Occasionally spectacular weather notwithstanding, winter is not a great time of the year for landscape photographers. Days are short and what light there is often too murky for anything other than a few moody shots. So it’s a relief to see the days lengthen and the sun rise higher in the sky. Traditionally, winter for photographers was the time for sorting out negs, slides and prints, for cataloguing films and messing about in the darkroom. But digital photography has eliminated much of this kind of activity – you’ve already got your images catalogued, you’ve already decided what’s worth working on – and probably taken it as far as you can. There’s a lot more time for making photographs and now the light is returning, we can get back to taking pictures.
So, after a few weeks’ inactivity, I was anxious to get out and, with a weather front promising interesting skies, I chucked some gear in the truck and drove east to explore new territory – Grays, in Essex.
I’d often glimpsed Grays and the surrounding area in my peripheral vision, when driving over the QEII bridge, it seemed to offer interesting photographic possibilities; industry, mud flats, dereliction – just the sort of landscape I like, but the desire actually to stay on the bridge (and not go over the edge), prevented me from trying to get a better view. So today, with an urge to take a some snaps and no better ideas for a theme or location, I had the opportunity to drive down the A13 to take a closer look.
One of the frustrations of this kind of location are the endless trips down side roads, only to be confronted by a locked gate or security barrier leading to some industrial compound and access to the waterfront (the interesting bit) denied. Local knowledge really helps. I’d checked on Google maps and the satellite view, that some roads around this part of the Thames actually went to the shoreline, but you can never be sure, only large-scale OS maps really show access and I have none for around here (they cos t too much). On this occasion, however, the maps proved to be reasonably accurate, there are roads that headed riverwards and, presently, I found myself by the Thames in Grays Beach Park.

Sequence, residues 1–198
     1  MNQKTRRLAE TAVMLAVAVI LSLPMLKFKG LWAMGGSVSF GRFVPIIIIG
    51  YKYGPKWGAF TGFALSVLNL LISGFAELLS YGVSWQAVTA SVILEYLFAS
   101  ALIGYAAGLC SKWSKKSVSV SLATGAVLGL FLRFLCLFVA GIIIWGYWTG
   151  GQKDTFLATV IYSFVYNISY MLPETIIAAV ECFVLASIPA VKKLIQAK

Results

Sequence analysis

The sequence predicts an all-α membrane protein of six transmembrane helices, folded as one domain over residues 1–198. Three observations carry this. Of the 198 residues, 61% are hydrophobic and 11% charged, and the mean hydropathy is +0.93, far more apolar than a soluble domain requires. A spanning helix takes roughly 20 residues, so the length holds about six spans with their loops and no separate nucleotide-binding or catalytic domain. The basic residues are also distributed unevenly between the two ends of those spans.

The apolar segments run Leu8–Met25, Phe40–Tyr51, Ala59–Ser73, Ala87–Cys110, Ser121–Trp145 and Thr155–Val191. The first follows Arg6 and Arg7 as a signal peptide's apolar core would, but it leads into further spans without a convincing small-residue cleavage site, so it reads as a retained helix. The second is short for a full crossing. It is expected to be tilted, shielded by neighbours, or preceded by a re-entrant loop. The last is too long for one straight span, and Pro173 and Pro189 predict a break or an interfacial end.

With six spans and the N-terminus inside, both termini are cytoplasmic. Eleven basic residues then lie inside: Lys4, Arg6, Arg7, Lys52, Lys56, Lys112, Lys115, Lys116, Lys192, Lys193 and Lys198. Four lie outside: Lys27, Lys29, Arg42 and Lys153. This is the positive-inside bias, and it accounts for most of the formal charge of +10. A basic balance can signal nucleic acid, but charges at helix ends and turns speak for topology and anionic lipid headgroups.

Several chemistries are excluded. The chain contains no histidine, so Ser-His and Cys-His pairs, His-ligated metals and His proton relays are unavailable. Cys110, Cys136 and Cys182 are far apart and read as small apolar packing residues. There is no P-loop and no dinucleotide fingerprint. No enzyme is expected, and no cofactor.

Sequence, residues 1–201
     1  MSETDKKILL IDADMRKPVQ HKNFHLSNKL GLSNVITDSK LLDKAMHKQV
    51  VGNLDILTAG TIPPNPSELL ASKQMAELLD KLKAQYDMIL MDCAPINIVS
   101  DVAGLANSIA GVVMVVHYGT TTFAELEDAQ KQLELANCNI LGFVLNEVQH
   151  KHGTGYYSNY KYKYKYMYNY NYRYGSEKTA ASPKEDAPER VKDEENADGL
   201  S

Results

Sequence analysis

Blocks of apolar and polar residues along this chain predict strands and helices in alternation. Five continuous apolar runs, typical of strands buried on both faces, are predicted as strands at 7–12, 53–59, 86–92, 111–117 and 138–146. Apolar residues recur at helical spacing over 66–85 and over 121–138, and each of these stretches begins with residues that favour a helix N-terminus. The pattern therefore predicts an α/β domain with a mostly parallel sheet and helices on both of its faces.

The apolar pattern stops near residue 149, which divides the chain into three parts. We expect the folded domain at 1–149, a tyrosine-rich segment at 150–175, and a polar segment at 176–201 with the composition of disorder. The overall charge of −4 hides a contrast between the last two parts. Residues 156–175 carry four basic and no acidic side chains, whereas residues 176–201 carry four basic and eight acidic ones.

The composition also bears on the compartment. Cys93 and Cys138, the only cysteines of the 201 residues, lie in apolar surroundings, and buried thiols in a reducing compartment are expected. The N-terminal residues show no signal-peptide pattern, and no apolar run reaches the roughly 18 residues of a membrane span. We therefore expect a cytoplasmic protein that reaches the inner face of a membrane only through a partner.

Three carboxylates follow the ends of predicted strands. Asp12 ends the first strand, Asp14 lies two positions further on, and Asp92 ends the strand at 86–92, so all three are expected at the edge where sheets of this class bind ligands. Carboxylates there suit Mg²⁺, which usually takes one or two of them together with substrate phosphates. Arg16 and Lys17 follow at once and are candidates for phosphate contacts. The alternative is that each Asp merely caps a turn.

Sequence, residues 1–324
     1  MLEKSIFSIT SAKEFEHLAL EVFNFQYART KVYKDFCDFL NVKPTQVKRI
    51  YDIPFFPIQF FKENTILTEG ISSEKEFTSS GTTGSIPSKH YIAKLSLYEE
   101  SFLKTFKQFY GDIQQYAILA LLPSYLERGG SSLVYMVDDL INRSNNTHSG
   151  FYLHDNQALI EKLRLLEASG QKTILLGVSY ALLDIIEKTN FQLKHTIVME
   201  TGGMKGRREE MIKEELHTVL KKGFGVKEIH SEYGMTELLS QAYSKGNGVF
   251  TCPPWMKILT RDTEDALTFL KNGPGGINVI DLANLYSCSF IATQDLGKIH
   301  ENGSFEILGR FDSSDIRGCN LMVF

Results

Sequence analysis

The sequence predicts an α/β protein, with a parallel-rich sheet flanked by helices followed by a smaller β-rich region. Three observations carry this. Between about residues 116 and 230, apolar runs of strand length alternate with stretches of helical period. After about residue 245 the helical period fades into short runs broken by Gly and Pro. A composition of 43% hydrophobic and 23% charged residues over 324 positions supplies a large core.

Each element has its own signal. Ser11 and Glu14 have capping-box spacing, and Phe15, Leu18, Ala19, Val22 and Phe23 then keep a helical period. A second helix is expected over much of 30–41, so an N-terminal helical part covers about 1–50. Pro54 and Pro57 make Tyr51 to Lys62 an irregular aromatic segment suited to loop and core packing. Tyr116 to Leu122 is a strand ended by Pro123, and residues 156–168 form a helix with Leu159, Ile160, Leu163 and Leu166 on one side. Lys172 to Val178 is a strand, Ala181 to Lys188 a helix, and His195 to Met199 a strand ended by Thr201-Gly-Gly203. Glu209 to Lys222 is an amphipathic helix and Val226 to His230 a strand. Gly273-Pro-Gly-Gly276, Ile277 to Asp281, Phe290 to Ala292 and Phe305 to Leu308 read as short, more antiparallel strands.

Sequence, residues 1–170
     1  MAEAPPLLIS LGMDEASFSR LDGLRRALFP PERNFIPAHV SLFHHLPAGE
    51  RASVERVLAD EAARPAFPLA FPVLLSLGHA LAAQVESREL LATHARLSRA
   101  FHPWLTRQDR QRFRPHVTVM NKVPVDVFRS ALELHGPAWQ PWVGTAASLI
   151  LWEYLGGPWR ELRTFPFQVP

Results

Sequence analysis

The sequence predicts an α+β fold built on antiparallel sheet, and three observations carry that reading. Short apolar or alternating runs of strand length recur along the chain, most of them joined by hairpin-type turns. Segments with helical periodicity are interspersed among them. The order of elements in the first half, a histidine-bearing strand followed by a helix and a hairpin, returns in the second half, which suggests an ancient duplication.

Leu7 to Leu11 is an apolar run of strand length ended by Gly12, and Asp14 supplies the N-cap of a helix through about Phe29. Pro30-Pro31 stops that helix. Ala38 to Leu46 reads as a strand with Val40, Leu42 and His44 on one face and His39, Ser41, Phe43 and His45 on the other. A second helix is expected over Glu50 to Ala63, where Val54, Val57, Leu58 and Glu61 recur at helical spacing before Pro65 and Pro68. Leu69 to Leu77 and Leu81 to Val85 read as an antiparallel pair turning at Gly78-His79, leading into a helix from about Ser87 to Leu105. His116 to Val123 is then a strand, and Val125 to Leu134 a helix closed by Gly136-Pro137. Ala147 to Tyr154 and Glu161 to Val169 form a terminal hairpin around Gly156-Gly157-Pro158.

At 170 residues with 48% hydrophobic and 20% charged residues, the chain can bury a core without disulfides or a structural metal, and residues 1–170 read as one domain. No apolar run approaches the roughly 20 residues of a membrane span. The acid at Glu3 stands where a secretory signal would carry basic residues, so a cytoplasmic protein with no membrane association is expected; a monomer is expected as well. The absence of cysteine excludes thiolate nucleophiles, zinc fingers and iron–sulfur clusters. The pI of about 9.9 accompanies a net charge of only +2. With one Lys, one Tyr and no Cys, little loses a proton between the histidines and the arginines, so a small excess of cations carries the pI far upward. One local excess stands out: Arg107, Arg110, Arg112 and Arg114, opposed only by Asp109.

The park is a largish, grassy children’s’ playground, next to a bunch of large grain silos, which adjoin Tilbury docks, but the eponymous beach is best described as vestigial. It’s my first photographic trip for a while and I’d not really prepared for it. I hadn’t thought much about what I was going to do, a pity because there was plenty of photographic potential and the weather looked promising. The beach turned out to be a strip of deep, soft mud – I should have worn my wellies, they were in the car – and if I’d dressed more warmly, I could have stayed round for what turned out to be a spectacular sunset.
So perhaps sadly, the end result is this gallery – a mere shadow of what it might have been, however, I shall return, better prepared.
posted on 26 February 2011
category: photo links